Canada’s New Brunswick province has lately become a center of controversy regarding the use of Monsanto’s Roundup herbicide, and the latest revelations involve the decline of deer populations due to widespread spraying of glyphosate – the active ingredient in Roundup.
Environmentalist groups are calling for a ban on the use of glyphosate for “forest management” purposes, after it was revealed that deer populations in the province have been reduced by half since 2007.
Groups such as Greenpeace and “Stop Spraying New Brunswick” are also demanding a review of “for industry and by industry” provincial forest management strategies, which appear to be largely focused on creating more timber for pulp mills, with little regard for the environment or taxpayers who are footing the bill for the spraying – whether they like it or not.
Stop Spraying New Brunswick member Peter Gilbert said that the decline of the deer population is due – at least in part – to the use of glyphosate in New Brunswick forests:
“Glyphosate is not the only factor involved in the decline of the deer population in New Brunswick, but it’s very indirectly the result that we get when we use glyphosate in forestry techniques that involve clear-cutting plantations. That speaks to total destruction of our environment [and] of our ecosystem, that all of the forest species, that all our population, is reliant on for subsistence.”
Forest management policies favor industry interests over environmental concerns
The province’s so-called forest management policies involve widespread clear-cutting and the use of glyphosate to make it easier to grow and harvest the types of trees the pulp mills want.
This “industrial approach” to forest management is devastating to deer populations, and upsets the entire ecological balance, say activists such as Green Party leader David Coon, who says a new type of forest management needs to be implemented:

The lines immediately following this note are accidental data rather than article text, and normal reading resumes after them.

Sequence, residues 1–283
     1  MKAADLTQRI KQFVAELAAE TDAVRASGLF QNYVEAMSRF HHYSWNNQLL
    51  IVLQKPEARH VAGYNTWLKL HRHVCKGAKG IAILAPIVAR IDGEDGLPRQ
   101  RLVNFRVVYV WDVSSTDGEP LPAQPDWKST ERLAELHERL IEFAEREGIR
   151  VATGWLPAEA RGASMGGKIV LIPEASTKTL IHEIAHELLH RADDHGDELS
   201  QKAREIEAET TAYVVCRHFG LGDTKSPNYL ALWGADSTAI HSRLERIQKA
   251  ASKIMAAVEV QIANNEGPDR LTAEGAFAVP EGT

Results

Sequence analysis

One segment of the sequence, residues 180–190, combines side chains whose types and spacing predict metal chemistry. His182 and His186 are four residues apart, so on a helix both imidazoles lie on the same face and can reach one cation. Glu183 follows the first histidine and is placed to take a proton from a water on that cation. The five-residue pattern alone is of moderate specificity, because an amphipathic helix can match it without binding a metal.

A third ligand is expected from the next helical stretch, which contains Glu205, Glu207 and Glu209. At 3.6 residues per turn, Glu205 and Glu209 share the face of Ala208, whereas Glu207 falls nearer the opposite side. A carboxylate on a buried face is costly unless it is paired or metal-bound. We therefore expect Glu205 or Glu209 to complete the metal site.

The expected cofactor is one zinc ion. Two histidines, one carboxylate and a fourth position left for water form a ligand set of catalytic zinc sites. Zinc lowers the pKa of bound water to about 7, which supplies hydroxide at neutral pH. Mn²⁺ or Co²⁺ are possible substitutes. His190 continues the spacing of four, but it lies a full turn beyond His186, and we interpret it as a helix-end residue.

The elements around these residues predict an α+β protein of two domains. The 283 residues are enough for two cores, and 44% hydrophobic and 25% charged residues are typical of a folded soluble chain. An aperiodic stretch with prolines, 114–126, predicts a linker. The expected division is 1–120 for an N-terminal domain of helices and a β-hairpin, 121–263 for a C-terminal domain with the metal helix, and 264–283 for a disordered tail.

“It really requires a change to forest management practices. So we get away from this sort of industrial approach to try to recreate the forests to produce the kinds of trees in high volume that the pulp mills are looking for.”
It’s unclear how much of the decline is due to the effects of clear-cutting, which destroys the deer population’s natural habitat and food supply, and how much is due to the effects of exposure to glyphosate itself. Glyphosate has been linked to cancer in humans, as well as numerous other health problems and illnesses.
Glyphosate is also deadly to many other forest wildlife species, such as salamanders and other amphibians.
Officials say that the decline of deer populations in the province are chiefly the result of two consecutive winters that produced extremely low temperatures, but Gilbert said that there is evidence showing that in neighboring provinces where the spraying of glyphosate has been banned or limited, there were no such declines – even though their winters were just as severe.
The revelations regarding the diminished deer population come on the heels of another glyphosate-related controversy in New Brunswick involving the recent firing of the province’s chief medical officer of health, Dr. Eilish Cleary.
Her termination is suspected to have been due to the fact that she was about to blow the whistle regarding the environmental damage caused by the industrial-scale spraying of the deadly chemical.
The controversy in New Brunswick is reflective of the larger picture. In many countries throughout the world, the situation is similar – the concerns of industry, bolstered by huge amounts of money spent on lobbying in favor of corporations, are taken into consideration over the concerns of the public and groups who want to protect the environment, wildlife and people from the dangers of glyphosate and other man-made toxins.